Whether you’re moving to a new place, or you’re feeling a little ‘meh’ in your own, look to the ancient Chinese philosophy of Feng Shui to create a happy, harmonious home this spring. We show you how…
What does Feng Shui mean?
Feng Shui translates literally as ‘wind’ and ‘water’, and it’s synonymous with our human make-up – wind represents the breath, and water nods to the fact our bodies are made up of mainly water – 60%, in fact.
Put simply, Feng Shui is an ancient Chinese art that says harmony and balance at home can be achieved by abiding by certain principles. A home with good Feng Shui is a home that has good energy, and it’s said to be the key to a peaceful life.
How to bring good Feng Shui into your home
1. Declutter your space
According to Feng Shui principles, clutter affects our quality of life in a major way. It clogs up our space, stopping the flow of positive energy or ‘chi’ in a home. To combat this, clear out cupboards, shelves and table-tops, doorway entrances and the underneath of beds.
2. Fix or replace broken items
A photo frame with cracks, a dead lightbulb, a chipped vase – all can contribute negative energy to a home. Repairing these items is ok if you can do it, but according to Feng Shui teachings it’s better to replace them altogether.
3. Allow air & light to circulate
Even in the colder winter months, it’s important to open up windows and doors each day to let fresh air in and get rid of bad energy, or ‘sha chi’. The same goes for light – our windows symbolize how the world sees us, so these should be clean and clear of clutter. Give the same treatment to internal glass surfaces and mirrors. And seek out dark corners and add a soft lamp to illuminate the area and brighten things up.
4. Use colour mindfully
Different hues are associated with different emotions, so choose your shades wisely when decorating. You don’t have to go all out with the wallpaper or paintbrush, either – inject colour with accessories and soft furnishings instead. Here’s what different hues represent...
- Red – passion, excitement, joy
- Yellow – cheerful and uplifting
- Green – balance, growth and abundance
- Blue – peace and tranquility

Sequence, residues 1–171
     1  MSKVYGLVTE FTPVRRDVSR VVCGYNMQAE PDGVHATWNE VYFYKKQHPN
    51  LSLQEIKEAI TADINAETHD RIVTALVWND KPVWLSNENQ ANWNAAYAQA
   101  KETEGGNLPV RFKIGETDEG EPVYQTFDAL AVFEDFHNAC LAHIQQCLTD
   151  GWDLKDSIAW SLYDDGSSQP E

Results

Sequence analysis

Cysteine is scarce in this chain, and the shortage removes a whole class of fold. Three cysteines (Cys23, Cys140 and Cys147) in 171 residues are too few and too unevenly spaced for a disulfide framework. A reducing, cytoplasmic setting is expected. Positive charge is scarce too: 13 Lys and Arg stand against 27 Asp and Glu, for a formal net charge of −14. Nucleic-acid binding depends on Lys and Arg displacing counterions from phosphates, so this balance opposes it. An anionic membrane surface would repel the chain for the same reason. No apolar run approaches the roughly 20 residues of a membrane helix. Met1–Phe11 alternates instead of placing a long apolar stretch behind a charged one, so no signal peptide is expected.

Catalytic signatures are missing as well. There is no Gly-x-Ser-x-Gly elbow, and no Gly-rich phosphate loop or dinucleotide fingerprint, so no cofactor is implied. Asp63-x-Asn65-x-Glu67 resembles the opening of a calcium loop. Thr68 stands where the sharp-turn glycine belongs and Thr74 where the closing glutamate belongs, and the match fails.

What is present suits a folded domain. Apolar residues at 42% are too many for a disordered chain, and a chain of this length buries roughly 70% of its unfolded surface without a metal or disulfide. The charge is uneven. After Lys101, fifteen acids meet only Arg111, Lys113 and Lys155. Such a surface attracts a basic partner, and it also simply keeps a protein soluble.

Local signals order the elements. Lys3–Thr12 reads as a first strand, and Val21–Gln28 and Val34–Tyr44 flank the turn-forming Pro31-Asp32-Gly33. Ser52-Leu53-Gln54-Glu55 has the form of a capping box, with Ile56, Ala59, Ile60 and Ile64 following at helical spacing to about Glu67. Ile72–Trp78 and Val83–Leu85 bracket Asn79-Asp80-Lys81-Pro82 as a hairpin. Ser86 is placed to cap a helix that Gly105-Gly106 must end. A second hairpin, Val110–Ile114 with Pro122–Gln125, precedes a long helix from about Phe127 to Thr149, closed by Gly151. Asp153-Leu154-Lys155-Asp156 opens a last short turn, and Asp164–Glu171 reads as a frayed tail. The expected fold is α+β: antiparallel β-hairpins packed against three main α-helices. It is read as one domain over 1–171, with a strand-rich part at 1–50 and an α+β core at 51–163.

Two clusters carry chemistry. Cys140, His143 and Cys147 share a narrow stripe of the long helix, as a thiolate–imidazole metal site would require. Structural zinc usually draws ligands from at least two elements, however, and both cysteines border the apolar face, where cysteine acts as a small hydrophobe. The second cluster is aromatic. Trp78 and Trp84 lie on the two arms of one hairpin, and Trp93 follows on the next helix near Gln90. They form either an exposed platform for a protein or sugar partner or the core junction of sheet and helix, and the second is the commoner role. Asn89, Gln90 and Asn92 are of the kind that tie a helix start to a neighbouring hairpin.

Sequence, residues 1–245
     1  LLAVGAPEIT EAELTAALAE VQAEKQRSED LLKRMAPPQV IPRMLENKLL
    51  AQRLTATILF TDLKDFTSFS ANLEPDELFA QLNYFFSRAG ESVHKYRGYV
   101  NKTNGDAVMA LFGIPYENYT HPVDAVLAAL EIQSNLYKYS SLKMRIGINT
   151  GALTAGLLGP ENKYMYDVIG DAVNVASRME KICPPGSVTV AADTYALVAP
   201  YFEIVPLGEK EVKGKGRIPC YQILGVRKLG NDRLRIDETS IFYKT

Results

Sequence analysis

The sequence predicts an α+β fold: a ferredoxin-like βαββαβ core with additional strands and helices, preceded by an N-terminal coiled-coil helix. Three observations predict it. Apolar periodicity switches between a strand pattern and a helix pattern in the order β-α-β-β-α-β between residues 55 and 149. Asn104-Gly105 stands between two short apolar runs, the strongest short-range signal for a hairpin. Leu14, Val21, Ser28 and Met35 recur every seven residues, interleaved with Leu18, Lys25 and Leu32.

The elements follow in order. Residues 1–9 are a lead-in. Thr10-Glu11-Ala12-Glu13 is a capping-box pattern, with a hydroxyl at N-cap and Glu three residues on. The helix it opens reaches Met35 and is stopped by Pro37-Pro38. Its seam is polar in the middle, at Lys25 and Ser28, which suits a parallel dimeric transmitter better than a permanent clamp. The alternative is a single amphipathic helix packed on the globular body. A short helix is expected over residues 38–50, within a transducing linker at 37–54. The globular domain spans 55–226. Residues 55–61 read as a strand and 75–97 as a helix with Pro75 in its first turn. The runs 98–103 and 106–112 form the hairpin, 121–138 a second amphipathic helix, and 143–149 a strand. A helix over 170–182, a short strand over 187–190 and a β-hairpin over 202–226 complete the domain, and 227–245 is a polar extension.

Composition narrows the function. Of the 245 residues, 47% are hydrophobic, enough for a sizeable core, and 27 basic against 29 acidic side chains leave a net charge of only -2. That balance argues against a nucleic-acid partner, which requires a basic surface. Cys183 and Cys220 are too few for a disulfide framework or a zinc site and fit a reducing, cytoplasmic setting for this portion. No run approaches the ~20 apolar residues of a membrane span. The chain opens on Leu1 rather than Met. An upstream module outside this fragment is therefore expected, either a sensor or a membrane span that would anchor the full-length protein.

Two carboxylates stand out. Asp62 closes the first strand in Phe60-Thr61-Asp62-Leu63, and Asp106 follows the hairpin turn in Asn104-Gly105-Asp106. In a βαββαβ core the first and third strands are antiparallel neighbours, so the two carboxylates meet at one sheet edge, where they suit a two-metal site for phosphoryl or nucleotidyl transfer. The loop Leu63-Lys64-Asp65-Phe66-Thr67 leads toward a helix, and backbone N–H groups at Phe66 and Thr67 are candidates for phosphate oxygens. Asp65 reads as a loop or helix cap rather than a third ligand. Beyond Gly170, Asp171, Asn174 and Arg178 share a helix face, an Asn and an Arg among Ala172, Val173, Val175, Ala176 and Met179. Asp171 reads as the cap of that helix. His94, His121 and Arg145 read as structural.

- Grey – focus and clarity
- White – freshness, innocence and purity
- Pink – love and nurture
- Purple – wealth and spirituality
- Black – creativity
- Brown – grounding and energy
- Orange – sociability and connection
5. Add living plants
It’s true that plants look lovely, but they also filter the air, creating a cleaner, purer environment – very important for good Feng Shui. Look for easy-to-keep, low-maintenance varieties, though, as dying plants will have the opposite effect! Here are some brilliant indoor plants thought to bring luck and happiness to the home…
- Spider Plant
- Peace Lily
- Aloe Vera
- Boston Fern
- English Ivy
- Rubber Plant
6. Pay special attention to the bedroom
The bedroom is where we rest and recharge for the day ahead, so it’s a really vital space in terms of Feng Shui teachings. Let’s start with the bed. It should never, ever face the door. Why? Because the door will 'pull' your energy away from you as you sleep. Paintings and pictures shouldn’t be placed above the bed either, as this is thought to disturb sleep. And perhaps more obviously, set a restful mood by decorating with soothing colours and lighting.
Need some inspo on how to Feng Shui your bedroom on a budget? Click here.
7. ...And the front and back doors!
Your front and back doors are the entryways to your home, and also the entryways for that all-important ‘good chi’. You should ensure there’s nothing blocking or cluttering your entrances, keep the outside areas nice and tidy (free from weeds!), and your doors in tip-top condition. If the paint’s peeling and the doorknob’s looking tired, for example, give them a spruce-up.
8. Incorporate the five elements
Another important Feng Shui principle is to bring the five elements into a home for balance. Here are some tips…
Wood – use plants or green items to harness the power of growth
Fire – inject the colour red or use candlelight to channel passion and joy
Earth – seek old books or a brown or tan rug to bring stability to a home
Water – bring in flowing water, such as a fountain, to promote income and wealth
Metal – add ornaments and sculptures to maintain focus and order
9. Remove obstacles
According to Feng Shui principles, physical obstacles around the house are also bad news, as they can cause real-life blockages. We’re not talking clutter here – more things that can slow us down or interrupt our path or flow in some way. Examples might be a door that sticks and takes a couple of forceful tugs to open, a stuffed wardrobe you need to yank items out of, or a light that takes some time to turn on once you flip the switch. One at a time, try and sort any problems.
10. Look out for neglected areas
Lastly, seek out any areas or corners of the home collecting dust or that haven’t been touched or used in a while. If there are items lying around you never use, get rid of them. Got ‘odds’ stacked in a neat little pile somewhere? Go through them and store away accordingly. You’ll be surprised at the good energy that comes as a result of moving things around in stagnant nooks and crannies.
Kick-start your Feng Shui efforts with the help of Rezigo. Need a hand decluttering? Want to book a professional deep clean? Our reputable service providers are ready and waiting! Click here to get your free quotes.